5th Circuit Panel Presses DOL on Fiduciary Rule
The fiduciary regulation got another day in court last week — and, for a change, this time the regulation’s challengers appeared to draw blood.
The setting was oral arguments before the 5th Circuit Court of Appeals, with the Labor Department making its case for the regulation challenged by a group of plaintiffs (and what had initially been three separate pieces of litigation) including the U.S. Chamber of Commerce, the Financial Services Institute and the Securities Industry and Financial Markets Association (SIFMA), which had been first to file suit against the fiduciary rule more than a year ago.
A decision on this case is not expected until fall, but court watchers (and listeners —
an audio is available here
) were nearly unanimous in inferring, both from the type and volume of questions directed at the Labor Department, that this might be the case where the agency might see its heretofore unbeaten streak in defending the fiduciary regulation at trial come to an end. The 5th Circuit is, after all, generally considered the most conservative in the country, with decisions that frequently define the government’s role narrowly.
The hearing, which lasted just over an hour, included a number of pointed questions, and a couple of verbal clashes between Michael Shih, who was presenting the Labor Department’s case, and Judge Edith H. Jones. Jones, appointed to the court by President Reagan, heard the case along with Clinton appointee Chief Judge Carl Stewart and Bush appointee Judge Edith Clement.
Eugene Scalia, on behalf of the plaintiffs in the case, seemed to find a receptive audience in the three-judge panel. “When an agency declares that it’s curing a harm, it needs to establish the presence of the harm,” Scalia said. “They failed to do that here.” Going on to state that the fiduciary regulation represented the “most sweeping changes to the retail financial services sector since the 1940 enactment of the Investment Advisers Act,” his arguments that the so-called “Harkin amendment” in the Dodd-Frank Act of 2010, in barring the SEC from regulating fixed-indexed annuities as securities, effectively sanctioned the regulation by the states wasn’t challenged. Scalia noted that the Labor Department was “not the federal retirement insurance agency.”
Moreover, when Scalia stated that the Labor Department lacked the authority to regulate advisors, and acted in an “arbitrary and capricious” manner, Judge Clement chimed in, “If they can do that, then [the Department of Health and Human Services] could declare that the doctor-patient relationship is one of a fiduciary duty, right?” Scalia said it could, going on to state that HHS would have more grounds for making that determination that the Labor Department had with the fiduciary rule.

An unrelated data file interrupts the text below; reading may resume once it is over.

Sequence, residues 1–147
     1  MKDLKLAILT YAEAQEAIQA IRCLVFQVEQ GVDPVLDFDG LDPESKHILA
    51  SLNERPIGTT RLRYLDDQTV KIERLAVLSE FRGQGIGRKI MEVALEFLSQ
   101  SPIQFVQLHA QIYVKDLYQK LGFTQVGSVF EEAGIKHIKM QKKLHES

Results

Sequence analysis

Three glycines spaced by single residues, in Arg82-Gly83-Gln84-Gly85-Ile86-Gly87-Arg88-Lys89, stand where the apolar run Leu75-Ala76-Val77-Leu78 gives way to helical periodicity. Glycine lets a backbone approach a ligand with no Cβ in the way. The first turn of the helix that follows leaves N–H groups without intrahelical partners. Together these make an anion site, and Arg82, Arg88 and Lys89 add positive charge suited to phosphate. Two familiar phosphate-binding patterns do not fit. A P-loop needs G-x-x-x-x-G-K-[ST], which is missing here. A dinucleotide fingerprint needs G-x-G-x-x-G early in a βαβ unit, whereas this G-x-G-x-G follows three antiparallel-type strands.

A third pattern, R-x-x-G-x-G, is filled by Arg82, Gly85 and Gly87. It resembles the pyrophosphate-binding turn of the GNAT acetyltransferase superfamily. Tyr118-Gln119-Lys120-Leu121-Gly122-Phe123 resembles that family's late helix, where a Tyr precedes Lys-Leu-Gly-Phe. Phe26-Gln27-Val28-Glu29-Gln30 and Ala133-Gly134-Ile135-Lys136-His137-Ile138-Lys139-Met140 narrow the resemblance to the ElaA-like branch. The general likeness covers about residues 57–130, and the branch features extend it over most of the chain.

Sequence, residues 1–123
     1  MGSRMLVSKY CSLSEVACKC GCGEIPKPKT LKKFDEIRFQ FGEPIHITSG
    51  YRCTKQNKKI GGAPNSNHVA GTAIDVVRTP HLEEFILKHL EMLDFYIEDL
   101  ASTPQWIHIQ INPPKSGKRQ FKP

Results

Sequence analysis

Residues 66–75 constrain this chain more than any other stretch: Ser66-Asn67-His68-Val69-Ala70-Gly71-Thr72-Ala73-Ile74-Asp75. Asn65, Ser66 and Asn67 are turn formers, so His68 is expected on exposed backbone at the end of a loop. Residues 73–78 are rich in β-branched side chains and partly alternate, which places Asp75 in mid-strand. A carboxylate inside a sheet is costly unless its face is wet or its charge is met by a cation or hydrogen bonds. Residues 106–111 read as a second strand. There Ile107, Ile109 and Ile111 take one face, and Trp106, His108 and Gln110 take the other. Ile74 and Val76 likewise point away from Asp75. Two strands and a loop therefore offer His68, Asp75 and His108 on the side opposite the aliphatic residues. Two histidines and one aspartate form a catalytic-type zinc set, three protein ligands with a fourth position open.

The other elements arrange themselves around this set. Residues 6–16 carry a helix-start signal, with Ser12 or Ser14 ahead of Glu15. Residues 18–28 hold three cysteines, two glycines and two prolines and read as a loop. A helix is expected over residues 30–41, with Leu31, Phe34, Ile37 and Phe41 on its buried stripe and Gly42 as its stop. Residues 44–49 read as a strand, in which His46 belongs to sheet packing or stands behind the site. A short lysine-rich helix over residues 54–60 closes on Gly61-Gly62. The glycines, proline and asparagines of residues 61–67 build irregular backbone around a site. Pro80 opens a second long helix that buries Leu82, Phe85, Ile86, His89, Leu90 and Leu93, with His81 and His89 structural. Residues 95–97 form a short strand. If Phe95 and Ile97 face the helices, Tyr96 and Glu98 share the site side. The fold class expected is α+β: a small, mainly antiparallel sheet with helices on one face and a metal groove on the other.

Judge Carl Stewart probed Scalia on “the bottom line” regarding the fiduciary rule, asking: “Along with Judge Jones, I’m sort of befuddled about why this whole hornet’s nest was created. What’s the bottom line? How will it make it better?”
Speaking of IRAs, Scalia said that those marketing practices “are being radically transformed for both the insurance agents and broker-dealers. This change is being made not by Congress, not by the Securities and Exchange Commission, and not by the states, which regulate insurance. It’s being done by an agency that lacks regulatory power over IRAs, broker-dealers and insurance agents. And it’s being done in a manner that repeatedly defies judgments made by Congress.”
Jones pointedly told Shih that “You are deliberately creating fiduciary duties” and a new cause of action via the contract provisions in the BIC. ERISA’s authors never intended to allow regulators to create a new private right of action, Scalia argued, a power reserved to Congress in the case of Alexander v. Sandoval. Shih pushed back, stating that simply articulating “the terms of what a contract may contain does not create a cause of action.”
Labor = Employment
The judges, particularly Judge Jones, kept coming back to a sense that the Labor Department’s focus was employment, and employment-based plans, a focus that they seemed to see as inconsistent with extending the fiduciary regulation to IRAs. Judge Jones went so far as to claim that the purpose of ERISA was not to protect IRAs, but retirement plans. Jones noted that “The Department of Labor admits that it’s trying to transform what was a pretty lenient treatment of IRAs into an architecture of regulation.”
On that issue, Shih pushed back, pointing out that not only did ERISA “create” IRAs, but that Title II gave the Labor Department the authority to decide who is a fiduciary with regard to those accounts. The DOL has regulated IRAs “since the Carter administration,” Shih argued, and has full authority to do so.
Indeed, Shih asserted on several occasions that the Labor Department had, on previous occasions, and for some time, exercised authority within the same bounds that established its authority to promulgate the interpretations of the fiduciary regulation, while Jones repeatedly asked Shih for the agency’s opinions on various cases and/or Department of Labor interpretations of the rule and exemptions. In response, Shih promised a subsequent brief outlining the DOL positions.
There was also discussion as to why disclosure wasn’t sufficient, rather than imposing the new reporting regimen. The response essentially was that the reason they need advice is that individuals don’t know enough to know when they are getting bad advice.
The three-judge panel gave both sides 10 days to submit follow-up “letter” briefs, with a ruling expected this fall.